Tuesday, September 16, 2008

Trace-to-Plane Capacitors

PCB traces, being composed of foil, form capacitance with other traces that they cross on other layers. For two traces crossing each other on adjacent planes, this is seldom a problem. Coincident traces (those that occupy the same routing on different layers), form a long, skinny capacitor. The formula for capacitance is shown below.

For example, if the capacitance formula is applied to the following trace:
  1. 4 Layer board — signal routing next to ground plane
  2. Board layer thickness: 0.188 mm
  3. Trace Width: 0.75 mm
  4. Trace Length: 7.5 mm
A typical value for ER of FR–4 PCB material is 4.5. Due to the variations of material from which an FR–4 board can be fabricated, this value is not guaranteed, but should be in the range of 4 to 5.

The capacitance between these traces would be 1.1 pF. Of course, the antenna effect on a 7.5-mm trace would be devastating, so this example is a bit extreme. Ignoring the antenna effects for now, there are cases in which even a very small parasitic capacitance like 1 pF is unacceptable. Figure 17–12 dramatically illustrates the effect of 1 pF capacitance occurring at the inverting input of the op amp. It causes a doubling of the output amplitude near the bandwidth limit of the op amp. This is an invitation to oscillation, especially since the trace is an efficient antenna above 180 MHz.

There are numerous fixes to the problem above. The most obvious would be to shorten the length of the traces. Another not-so-obvious fix would be to use a different trace width. There is no reason why an inverting op amp trace has to be 0.75 mm wide — it carries almost no current. If the trace length is reduced to 2.5 mm (one third as long) and the trace width is changed to 0.188 mm (1/4 as wide), the capacitance becomes 0.1 pF — much less significant in the example above. Another fix is to remove the ground plane under the inverting input and the traces leading to it.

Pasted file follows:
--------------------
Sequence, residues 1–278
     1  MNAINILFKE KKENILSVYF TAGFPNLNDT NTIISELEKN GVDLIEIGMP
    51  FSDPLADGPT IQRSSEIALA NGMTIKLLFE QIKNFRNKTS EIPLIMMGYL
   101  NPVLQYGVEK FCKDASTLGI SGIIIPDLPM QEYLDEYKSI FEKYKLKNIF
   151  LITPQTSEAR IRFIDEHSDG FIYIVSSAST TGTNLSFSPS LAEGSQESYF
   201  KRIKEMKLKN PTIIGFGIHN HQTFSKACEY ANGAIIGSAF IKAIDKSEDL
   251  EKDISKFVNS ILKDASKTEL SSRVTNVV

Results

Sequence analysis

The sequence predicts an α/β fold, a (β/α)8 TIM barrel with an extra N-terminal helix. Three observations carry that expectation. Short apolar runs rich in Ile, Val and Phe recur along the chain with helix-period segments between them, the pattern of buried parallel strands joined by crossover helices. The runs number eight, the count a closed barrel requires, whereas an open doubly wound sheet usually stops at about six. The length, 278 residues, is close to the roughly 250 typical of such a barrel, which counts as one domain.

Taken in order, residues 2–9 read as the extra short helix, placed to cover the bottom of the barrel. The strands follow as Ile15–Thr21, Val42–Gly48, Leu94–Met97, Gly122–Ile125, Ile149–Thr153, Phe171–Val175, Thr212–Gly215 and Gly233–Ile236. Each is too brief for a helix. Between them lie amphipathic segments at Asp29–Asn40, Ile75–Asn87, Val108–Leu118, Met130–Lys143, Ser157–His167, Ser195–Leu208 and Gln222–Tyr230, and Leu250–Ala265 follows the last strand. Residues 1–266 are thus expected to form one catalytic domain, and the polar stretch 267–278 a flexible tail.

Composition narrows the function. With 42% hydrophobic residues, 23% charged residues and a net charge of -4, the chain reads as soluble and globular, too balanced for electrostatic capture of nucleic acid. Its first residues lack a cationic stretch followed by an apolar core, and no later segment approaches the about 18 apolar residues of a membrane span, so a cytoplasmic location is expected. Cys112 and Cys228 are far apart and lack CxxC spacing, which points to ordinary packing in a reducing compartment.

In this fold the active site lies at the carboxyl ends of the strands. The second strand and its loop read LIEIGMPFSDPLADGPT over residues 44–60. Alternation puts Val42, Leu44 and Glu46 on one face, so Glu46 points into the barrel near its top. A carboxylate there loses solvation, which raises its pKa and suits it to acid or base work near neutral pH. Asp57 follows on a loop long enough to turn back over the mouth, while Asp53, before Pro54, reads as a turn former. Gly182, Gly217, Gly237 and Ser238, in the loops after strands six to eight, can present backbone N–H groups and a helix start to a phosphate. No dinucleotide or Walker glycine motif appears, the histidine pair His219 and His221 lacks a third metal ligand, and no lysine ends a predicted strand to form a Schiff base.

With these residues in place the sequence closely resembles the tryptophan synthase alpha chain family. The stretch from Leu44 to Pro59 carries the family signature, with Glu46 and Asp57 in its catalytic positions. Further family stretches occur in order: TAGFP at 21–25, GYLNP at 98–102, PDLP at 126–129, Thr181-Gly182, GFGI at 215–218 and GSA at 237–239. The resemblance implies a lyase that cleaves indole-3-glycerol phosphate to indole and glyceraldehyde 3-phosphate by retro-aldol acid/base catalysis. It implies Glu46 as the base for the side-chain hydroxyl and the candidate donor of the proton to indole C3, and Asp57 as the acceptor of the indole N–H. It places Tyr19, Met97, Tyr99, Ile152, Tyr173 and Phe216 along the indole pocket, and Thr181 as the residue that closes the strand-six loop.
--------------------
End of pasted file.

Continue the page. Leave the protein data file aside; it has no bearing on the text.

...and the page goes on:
The inverting input of op amps, particularly high-speed op amps, is especially prone to oscillation in high gain circuits. This is due to unwanted capacitance on the input stage. It is important to minimize capacitance on this input by reducing trace width and placing components as close as possible to this input. If this input still oscillates, it may be necessary to scale the input and feedback resistors lower by a decade or two to change the resonance of the circuit. Scaling the resistors up will seldom help, as the problem is also related to the impedance of the circuit. If filter components are involved, they will also have to be scaled to avoid changing the filter characteristics of the circuit. The power consumption of the circuit will also increase if resistors are lowered.

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